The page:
Daily Living in the Twelfth Century - Urban Tigner Holmes, Jr. (1952)

I'm a fan of the "Daily Living" style of history books; I want to state that up front. When done well, these books capture the feel of a different age in the way that a list of important events, people and cultural trends can not. When done poorly, they are a waste of time, as the author swirls in a morass of speculation and hypothesis. I am pleased to report that Prof. Holmes has done his task well.

Has has chosen as his framing device the journey of Alexander Neckam from London to Paris in 1178 (or thereabouts) and his subsequent years of study in the latter city. The use of this historical person allows Holmes to smoothly show and discuss the things that Neckam might see and do. By choosing a foreigner in Paris, he is able to make comparisons and contrasts to life in London without seeming forced.

Holmes' style is easy and readable, but make no mistake, this is a well-documented piece of work. The references in the text are appropriate and illustrative without being intrusive. The extensive endnotes are available for those who wish to read them, but are not necessary for the reader who is willing to simply accept that Holmes has done his homework. (A tiny quibble about the notes: often the quoted source is Latin, sometimes old French, and a translation is not always included. This is a minor failing, though.)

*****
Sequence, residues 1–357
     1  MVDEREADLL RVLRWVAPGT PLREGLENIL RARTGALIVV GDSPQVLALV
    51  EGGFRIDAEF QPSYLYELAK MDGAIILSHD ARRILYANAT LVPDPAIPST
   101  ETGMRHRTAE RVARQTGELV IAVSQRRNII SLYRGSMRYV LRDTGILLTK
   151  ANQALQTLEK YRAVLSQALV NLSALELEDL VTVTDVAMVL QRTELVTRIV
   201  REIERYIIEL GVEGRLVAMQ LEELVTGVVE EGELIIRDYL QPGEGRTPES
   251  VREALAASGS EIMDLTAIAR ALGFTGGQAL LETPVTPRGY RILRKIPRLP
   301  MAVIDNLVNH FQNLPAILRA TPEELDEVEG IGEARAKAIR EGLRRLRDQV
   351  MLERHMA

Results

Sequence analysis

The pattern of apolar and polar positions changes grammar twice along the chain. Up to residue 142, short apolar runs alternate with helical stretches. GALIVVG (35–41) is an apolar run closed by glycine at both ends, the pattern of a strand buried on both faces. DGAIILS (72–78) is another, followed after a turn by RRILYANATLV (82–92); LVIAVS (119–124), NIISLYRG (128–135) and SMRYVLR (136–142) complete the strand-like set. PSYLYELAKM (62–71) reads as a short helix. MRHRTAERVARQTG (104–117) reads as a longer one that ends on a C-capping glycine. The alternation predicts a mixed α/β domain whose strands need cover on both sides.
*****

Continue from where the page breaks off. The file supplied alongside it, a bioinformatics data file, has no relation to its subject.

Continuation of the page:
The book is perhaps not quite as accessible as the current gold standard of "Daily Living" books, the series by Joseph and Francis Gies. At a few points, there is an assumption of at least passing familiarity with medieval history, and the reliance on Latin or French terms rather than a modern English equivalent is almost certainly more accurate but may be a little off-putting for the casual reader. For even an amateur scholar, though, those asides and references are invaluable! Sometimes there is no real modern equivalent, and using one would load it with inappropriate connotations.

Overall, the book is quite a useful addition to the library of a medieval scholar, or aspiring medieval scholar, and a particularly useful addition if one is collecting a shelf of "daily life" sorts of books.

Overall Grade: A-

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